Ask Mr. Wizard

Steep times for different specialty grains


Nils Hedglin • Sacramento, California asks,

In looking through all your wonderful extract recipes I’ve noticed a wide range of temperatures and steeping times for the specialty grains. Is there some formula to determine how long what type of grain should be steeped? I am beginning to develop my own extract recipes, and that is one of the few variables I still don’t understand.



As difficult as it is to admit, brewing is a whole lot like cooking and there are many ways to get the job accomplished. Steeping is one of these tasks. When using malts as color and flavor additives to extract brews, there really is no exact science. Grains like crystal, chocolate and black malt do not change when they are mashed the way pale, Munich, wheat and pilsner malts do, for example. Most specialty malts contain either fermentable sugars (crystal malts) or roasted starches (chocolate malt) and neither type is enzymatically altered when soaked in hot water. This is as true for brewers that “steep” these malts as it is for brewers who “mash” them.

In practical terms, this means that steeping temperature is not terribly important in the grand scheme of brewing. A good cooking analogy is tea. Some tea bags intended for “iced tea” suggest using hot water to extract the flavor and aroma from the tea bag while others suggest using cold water. Increasing the water temperature used to brew tea may extract more tea color and flavor per unit weight of tea leaves but not much more. When tea is brewed using very hot water, excessive tannins are extracted and the tea has an astringent, harsh character.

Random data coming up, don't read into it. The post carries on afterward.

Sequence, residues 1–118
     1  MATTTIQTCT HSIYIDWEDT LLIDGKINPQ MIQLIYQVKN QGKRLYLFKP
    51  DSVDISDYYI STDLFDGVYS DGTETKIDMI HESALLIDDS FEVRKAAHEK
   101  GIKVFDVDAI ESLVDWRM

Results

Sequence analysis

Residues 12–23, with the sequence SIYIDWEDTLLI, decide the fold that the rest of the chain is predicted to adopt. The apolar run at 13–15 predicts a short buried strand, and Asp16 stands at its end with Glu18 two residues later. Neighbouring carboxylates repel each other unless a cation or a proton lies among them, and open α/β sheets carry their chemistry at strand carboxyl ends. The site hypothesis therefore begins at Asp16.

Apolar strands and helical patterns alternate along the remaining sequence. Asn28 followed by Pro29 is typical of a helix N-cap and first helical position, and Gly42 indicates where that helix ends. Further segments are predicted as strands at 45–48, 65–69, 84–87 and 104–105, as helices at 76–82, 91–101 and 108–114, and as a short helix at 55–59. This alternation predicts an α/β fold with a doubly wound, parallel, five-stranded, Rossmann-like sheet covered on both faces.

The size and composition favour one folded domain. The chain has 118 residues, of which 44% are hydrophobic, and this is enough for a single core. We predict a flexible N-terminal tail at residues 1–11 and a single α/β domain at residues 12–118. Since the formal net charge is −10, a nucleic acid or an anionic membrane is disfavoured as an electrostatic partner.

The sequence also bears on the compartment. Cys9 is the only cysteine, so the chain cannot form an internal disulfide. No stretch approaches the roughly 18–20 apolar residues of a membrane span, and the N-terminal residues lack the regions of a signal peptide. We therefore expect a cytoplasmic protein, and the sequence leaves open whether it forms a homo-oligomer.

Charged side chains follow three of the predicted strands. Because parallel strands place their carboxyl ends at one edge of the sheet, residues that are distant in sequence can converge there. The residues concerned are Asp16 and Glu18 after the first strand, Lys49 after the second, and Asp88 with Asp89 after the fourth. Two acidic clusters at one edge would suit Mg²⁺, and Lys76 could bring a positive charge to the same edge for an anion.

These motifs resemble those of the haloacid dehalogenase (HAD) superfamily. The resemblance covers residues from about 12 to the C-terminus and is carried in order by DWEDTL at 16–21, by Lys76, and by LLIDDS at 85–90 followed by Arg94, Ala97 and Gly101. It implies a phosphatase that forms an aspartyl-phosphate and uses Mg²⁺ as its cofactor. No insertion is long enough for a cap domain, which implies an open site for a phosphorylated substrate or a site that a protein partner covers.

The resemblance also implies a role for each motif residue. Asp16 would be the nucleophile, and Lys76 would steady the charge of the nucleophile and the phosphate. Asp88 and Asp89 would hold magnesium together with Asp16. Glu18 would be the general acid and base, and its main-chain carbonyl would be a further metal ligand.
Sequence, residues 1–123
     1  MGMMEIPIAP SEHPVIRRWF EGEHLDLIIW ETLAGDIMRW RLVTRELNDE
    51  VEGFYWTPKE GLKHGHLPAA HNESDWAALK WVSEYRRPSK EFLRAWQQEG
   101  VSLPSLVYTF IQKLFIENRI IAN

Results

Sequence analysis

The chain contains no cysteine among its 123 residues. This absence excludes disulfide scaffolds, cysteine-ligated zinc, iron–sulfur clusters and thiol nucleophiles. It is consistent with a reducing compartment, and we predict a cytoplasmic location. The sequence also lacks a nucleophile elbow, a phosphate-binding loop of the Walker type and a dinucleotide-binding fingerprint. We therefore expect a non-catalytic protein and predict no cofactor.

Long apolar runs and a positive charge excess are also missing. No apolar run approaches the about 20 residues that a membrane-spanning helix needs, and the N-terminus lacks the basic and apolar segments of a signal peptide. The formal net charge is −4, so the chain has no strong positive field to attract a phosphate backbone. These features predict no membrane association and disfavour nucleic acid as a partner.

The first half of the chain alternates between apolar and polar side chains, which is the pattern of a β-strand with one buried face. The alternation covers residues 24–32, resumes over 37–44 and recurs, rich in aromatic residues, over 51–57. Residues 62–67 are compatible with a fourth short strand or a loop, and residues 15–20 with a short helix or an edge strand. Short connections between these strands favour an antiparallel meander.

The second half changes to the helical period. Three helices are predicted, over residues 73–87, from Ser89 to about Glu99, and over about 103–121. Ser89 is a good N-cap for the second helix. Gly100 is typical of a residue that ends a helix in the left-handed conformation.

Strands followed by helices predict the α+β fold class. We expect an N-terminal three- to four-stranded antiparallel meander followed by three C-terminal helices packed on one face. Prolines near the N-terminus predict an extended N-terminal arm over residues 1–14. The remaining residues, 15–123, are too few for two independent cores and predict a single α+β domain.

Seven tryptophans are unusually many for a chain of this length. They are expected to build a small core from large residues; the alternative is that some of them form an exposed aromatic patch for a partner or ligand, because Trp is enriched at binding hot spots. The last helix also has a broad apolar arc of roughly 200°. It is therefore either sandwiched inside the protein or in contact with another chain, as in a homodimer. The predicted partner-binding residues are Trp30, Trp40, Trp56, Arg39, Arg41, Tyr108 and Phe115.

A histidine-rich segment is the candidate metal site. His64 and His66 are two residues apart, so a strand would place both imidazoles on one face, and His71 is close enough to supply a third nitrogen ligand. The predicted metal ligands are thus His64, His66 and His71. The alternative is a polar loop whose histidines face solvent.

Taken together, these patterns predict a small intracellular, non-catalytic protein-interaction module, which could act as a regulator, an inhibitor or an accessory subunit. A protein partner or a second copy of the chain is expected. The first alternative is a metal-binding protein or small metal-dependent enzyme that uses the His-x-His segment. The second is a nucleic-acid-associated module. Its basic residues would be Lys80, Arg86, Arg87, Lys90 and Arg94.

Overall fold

The same holds true in brewing with steeping grains for extract beers. Beers made from steeping grains in the temperature range from about 120* to 160* F will taste very similar. Steep temperatures greater than 160* F will produce beers with progressively more astringency, but this difference in flavor will likely be marginal. All-grain brewers need to be much more cautious about mashing temperature because enzymes are involved and these enzymes are irreversibly de-activated at temperatures above their denaturation point.

If I were brewing a beer made from extracts and special malts, I would steep my grains at 150° to 160* F for 30 to 60 minutes and sparge or rinse the grain bag with water at about the same temperature. This method will work as a very good starting point. Only if the resulting beer had odd flavors attributable to steeping temperature or time would I consider changing the temperature. Happy brewing!

Response by Ashton Lewis.